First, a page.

I’m always interested in experiencing new things, especially if they can augment my health.
Over the last year or so, float tanks have been consistently offered on the Daily Deal sites such as Groupon. After reading about Flotation Tanks in Tools for Titans by Tim Ferris, I decided to take the plunge.☺ After all, I am a water baby.
Here is what Dr. Dan Engle had to say on page 110:
[Floating in an isolation tank] is the first time that we’ve been without sensory experience, sensory environmental stimuli, since we were conceived. There is no sound, no sight, no temperature gradient, and no gravity. So all of the brain’s searching and gating* information from the environment is relaxed. Everything that was in the background – kind of ‘behind the curtain’ – can now be exposed. When done consistently over time, it’s essentially like meditation on steroids. It starts to re-calibrate the entire neuroendocrine system. People who are running in stress mode or sympathetic overdrive start to relax that over time, and you get this bleed-over effect into everyday life. It’s not just what happens in the tanks.It continues outside of the tank. You see heart rate normalize, hypertension normalize, cortisol normalize. Pain start to resolve. Metabolic issues start to resolve.
Anxiety, insomnia, and mental chattering can be significantly improved in [2 to 3 times per week for a total of] anywhere between 3 and 7 sessions. For pain, it’s normally 7 to 10 sessions. I recommend doing a 2-hour float if people are able.
Apparently, it is more beneficial to do a 2-hour session, but for some people, the monkey-mind may rule. In that case a 1-hour session may be a better choice.
*Sensory gating describes neurological processes of filtering out redundant or unnecessary stimuli in the brain from all possible environmental stimuli. Also referred to as gating or filtering, sensory gating prevents an overload of irrelevant information in the higher cortical centers of the brain. ~ Wikipedia
When I entered the private room and saw the pod, the first thing that came to my mind was the movie Cocoon. Extrapolating from what Dr. Engle said, I suppose a regular float sessions could serve to slow down the aging process. With your mental and physical aches and pains out of the way, you might very well have a spring in your step.
The 98 degree water is 9 inches deep. When you float you can close the pod for complete darkness. You also have the option of coloured lights.
I have difficulty getting down on the floor. If I could change 3 things to make it easier, it would be:
- The pod should have a wider “lip”, which would make it easier to rest upon as you transfer into the water. (This is a design issue.)
- A low stool which can be put into the pod to augment getting in and out.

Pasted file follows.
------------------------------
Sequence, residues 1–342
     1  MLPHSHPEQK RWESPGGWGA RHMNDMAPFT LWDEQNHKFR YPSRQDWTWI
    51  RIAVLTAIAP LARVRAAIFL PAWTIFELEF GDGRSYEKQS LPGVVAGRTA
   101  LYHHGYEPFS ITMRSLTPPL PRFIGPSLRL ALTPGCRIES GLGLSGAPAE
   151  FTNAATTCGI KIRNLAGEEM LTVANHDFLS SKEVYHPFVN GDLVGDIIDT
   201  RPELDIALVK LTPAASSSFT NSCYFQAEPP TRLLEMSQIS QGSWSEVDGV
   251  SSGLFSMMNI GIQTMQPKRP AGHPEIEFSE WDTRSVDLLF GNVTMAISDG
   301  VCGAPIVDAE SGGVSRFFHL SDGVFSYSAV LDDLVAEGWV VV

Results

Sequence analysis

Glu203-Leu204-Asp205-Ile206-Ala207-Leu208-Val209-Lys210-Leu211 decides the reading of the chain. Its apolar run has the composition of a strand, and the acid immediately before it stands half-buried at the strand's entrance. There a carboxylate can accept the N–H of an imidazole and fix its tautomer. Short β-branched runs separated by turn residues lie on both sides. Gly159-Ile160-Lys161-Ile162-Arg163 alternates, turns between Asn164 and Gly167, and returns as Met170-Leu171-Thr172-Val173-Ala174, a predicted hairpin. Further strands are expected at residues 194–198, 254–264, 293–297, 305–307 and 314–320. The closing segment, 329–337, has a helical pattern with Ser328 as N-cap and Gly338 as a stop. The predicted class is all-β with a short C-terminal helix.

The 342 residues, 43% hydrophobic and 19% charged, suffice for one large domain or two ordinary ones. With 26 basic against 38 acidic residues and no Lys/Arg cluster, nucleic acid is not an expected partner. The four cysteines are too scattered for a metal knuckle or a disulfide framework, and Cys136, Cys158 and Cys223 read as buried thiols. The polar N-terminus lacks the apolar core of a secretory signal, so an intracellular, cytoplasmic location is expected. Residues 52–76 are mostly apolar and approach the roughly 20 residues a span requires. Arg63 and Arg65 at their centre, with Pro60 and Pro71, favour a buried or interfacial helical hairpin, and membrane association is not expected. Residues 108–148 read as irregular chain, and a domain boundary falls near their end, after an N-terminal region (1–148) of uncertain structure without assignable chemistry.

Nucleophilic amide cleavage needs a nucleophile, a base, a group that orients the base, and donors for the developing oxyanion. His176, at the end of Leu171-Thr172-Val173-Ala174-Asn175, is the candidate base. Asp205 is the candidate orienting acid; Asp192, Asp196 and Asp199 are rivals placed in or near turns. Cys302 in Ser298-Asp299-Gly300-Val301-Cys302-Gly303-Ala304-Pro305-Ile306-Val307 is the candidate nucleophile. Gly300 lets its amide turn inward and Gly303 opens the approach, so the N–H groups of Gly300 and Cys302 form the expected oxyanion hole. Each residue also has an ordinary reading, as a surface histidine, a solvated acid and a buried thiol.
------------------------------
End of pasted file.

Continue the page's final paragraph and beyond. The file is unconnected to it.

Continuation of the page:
- A rubber mat, so the anti-slip floor doesn’t dig into your knees, especially since it may take awhile to get in or out, if you have mobility issues.
I was told that some people fall asleep, which I was hoping to do. However, 5 things prevented that from happening:
- The novelty of the experience.
- I was “busy” thinking about how I would write this up as a blog post.
- I had other things to do that day, so I was thinking about them.
- As a swimmer, I “felt” like I should be “doing something”.
- I started thinking about having to go to the bathroom!
What I noticed:
- I was quite tired, hungry and thirsty when I finished my session.
- Later in the day, the pain in my lower back and shoulders had dissipated.
My second experience
With the novelty out of the way, I was able to quiet the chatter in my head and simply float. Ahhhh!
- If possible, before you book, check out the facility to see if it suits your level of mobility.
- You want an empty bladder before you enter the pod. It’s probably best not to drink too much prior to going.
- The edge of the tank is quite slippery. Drape some wash cloths or towels over the edge where you place your hands. This will give you a better grip.
- Schedule it later in the day when you don’t have much to do afterwards.
- Bring water and a healthy snack to consume on the way home.
How I would design the tank
These pods are not very conducive to people who have mobility issues, which is unfortunate because I think there would be lots to gain from this experience. It was hard enough for me to get in and out, but for someone who is in a wheelchair, it would be next to impossible.
If I were designing the flotation pod, I would make it with a wide lip for the transfer, with grab bars for safety. I would also have a reclining bath lift, similar to this, so that the person could transfer easily from the chair, onto the wide lip, then into the water.
I’ve seen another model that looks more like an enclosed shower stall. Perhaps these could be more easily adapted for people with mobility issues.